It may be permitted, however, to remark, that the wolf was a Roman symbol, but that the worship of that symbol is an inference drawn by the zeal of Lactantius. The early Christian writers are not to be trusted in the charges which they make against the Pagans. Eusebius accused the Romans to their

faces of worshipping Simon Magus, and raising a statue to him in the island of the Tyber. The Romans had probably never heard of such a person before, who came, however, to play a considerable, though scandalous part in the church history, and has left several tokens of his aerial combat with St. Peter at Rome; notwithstanding that an inscription found in this very island of the Tyber showed the Simon Magus of Eusebius to be a certain indigenal god, called Semo Sangus or Fidius. ||

Even when the worship of the founder of Rome had been abandoned, it was thought expedient to humour the habits of the good matrons of the city, by sending them with their sick infants to the church of Saint Theodore, as they had before carried them

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* Luc. Faun, ibid.
† See note to stanza LXXX. in Historical Illustrations,

“Romuli nutrix Lupa honoribus est affecta divinis, et ferrem, si animal ipsum fuisset, cujus figuram gerit.” Lactant. de Falsa Religione, lib. 1. cap. xx. pag. 101. edit. varior. 1660; that is to say, he would rather adore a wolf than a prostitute. His commentator has observed that the opinion of Livy concerning Laurentia being figure el in this wolf, was not universal. Strabo thought so. Rycquius is wrong in saying that Lactantius mentions the wolf was in the Capitol.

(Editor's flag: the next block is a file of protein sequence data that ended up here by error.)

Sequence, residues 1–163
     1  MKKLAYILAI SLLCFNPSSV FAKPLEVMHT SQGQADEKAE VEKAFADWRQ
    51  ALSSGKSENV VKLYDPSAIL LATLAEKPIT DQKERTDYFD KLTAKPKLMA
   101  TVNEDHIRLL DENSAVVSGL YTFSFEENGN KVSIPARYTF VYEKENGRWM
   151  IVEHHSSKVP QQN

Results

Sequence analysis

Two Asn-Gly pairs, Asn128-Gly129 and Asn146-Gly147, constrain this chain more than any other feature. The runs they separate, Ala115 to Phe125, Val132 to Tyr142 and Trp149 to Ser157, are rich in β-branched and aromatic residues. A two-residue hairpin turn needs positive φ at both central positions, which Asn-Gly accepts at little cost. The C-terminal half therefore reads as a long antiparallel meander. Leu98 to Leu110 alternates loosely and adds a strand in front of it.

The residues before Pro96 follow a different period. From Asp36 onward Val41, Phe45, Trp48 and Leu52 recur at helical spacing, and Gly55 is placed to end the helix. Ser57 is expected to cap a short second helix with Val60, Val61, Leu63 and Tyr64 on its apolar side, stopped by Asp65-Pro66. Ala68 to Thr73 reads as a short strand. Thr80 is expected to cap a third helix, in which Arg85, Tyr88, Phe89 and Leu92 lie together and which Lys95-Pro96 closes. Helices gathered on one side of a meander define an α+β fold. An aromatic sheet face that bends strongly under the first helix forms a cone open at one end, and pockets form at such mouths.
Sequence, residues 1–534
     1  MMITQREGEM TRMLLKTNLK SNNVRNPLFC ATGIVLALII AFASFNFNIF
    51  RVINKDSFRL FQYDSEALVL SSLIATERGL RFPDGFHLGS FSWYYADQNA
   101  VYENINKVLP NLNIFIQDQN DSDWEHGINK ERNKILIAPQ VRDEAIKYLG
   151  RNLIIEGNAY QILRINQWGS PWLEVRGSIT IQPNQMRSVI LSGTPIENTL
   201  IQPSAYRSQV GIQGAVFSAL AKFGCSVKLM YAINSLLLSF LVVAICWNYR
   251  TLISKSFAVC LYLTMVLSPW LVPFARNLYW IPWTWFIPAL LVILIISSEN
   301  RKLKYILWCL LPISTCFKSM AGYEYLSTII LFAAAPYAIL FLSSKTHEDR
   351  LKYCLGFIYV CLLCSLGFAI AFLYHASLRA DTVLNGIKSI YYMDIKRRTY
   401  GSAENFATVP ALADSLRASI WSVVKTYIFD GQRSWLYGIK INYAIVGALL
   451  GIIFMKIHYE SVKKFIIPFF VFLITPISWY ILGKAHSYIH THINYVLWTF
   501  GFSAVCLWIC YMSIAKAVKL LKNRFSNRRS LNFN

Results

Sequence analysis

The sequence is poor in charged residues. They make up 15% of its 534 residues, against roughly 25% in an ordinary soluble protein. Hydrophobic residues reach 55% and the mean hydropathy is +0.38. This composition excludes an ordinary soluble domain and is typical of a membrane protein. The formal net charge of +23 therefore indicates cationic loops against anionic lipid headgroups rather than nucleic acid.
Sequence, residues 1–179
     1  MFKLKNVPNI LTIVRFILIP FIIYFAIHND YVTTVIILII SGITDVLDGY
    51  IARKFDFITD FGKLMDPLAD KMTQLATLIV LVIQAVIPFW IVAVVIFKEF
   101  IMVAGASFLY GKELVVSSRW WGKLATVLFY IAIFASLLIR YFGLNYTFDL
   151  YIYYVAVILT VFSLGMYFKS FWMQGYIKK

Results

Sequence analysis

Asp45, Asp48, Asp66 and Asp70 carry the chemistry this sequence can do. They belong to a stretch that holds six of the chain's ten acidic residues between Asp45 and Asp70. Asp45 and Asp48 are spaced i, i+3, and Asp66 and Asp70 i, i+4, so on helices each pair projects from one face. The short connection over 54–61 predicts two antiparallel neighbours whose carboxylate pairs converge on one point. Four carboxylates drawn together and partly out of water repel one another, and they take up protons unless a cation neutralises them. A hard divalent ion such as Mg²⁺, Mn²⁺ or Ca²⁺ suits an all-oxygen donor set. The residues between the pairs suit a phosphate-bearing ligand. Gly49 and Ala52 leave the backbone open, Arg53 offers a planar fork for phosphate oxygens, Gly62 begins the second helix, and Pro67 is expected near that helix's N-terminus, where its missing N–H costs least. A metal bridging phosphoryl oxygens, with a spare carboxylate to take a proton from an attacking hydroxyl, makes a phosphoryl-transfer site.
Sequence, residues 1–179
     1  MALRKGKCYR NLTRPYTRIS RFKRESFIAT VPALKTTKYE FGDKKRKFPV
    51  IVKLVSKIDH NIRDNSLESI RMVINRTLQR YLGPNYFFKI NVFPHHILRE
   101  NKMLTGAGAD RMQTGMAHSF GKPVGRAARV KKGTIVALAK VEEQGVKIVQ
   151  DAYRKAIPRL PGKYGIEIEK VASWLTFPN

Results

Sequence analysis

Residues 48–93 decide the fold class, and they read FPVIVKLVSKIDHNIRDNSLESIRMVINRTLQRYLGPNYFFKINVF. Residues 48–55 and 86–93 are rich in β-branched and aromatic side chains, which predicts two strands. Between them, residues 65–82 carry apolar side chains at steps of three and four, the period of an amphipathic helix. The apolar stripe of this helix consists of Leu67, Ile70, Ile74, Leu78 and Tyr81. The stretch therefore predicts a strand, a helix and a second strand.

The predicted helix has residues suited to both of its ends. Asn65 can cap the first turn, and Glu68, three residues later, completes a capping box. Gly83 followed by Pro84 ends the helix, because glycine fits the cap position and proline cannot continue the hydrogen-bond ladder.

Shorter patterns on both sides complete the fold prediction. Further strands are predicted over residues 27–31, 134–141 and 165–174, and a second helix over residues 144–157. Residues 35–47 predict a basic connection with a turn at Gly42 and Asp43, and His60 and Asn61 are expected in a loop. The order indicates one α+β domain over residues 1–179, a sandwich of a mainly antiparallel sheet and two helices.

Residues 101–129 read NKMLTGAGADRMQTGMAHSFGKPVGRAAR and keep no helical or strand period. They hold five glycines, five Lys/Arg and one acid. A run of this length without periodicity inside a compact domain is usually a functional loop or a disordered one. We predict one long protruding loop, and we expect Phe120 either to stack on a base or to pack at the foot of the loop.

§ To A. D. 496. “Quis credere possit,” says Baronius (Ann. Eccles. tom. viii. p. 602. in an. 496.), “viguisse adhuc Romæ ad Gelasii tempora, quæ fuere ante exordia urbis allata in Italiam Lupercalia ?Gelasius wrote a letter which occupies four folio pages to Andromachus the senator, and others, to show that the rites should be given up

| Eusebius has these words : και ανδριάντι παρ' υμίν ως θεός τετίμηται, εν τω Τίβερι ποταμό μεταξύ των δύο γεφυρών, έχων επιγραφήν Ρωμαϊκήν ταύτην Σίμωνι δέω Σάγκτω. Eccles. Hist. lib. i. cap. xiii. p. 40. Justin Martyr had told the story before ; but Baronius himself was obliged to detect this fable. See Nardini, Roma Vet. lib. vii.

cap. xii.


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to the temple of Romulus.* The practice is continued to this day; and the site of the above church seems to be thereby identified with that of the temple : so that if the wolf had been really found there, as Winkelmann says, there would be no doubt of the present statue being that seen by Dionysius.t But Faunus, in saying that it was at the Ficus Ruminalis by the Comítium, is only talking of its ancient position as rtcorded by Pliny ; and even if he had been remarking where it was found, would not have alluded to the church of Saint Theodore, but to a very different place, near which it was then thought the Ficus Ruminalis had been, and also the Comitium ; that the three columns by the church of Santa Maria Liberatrice, at the corner of the Palatine looking on the Forum.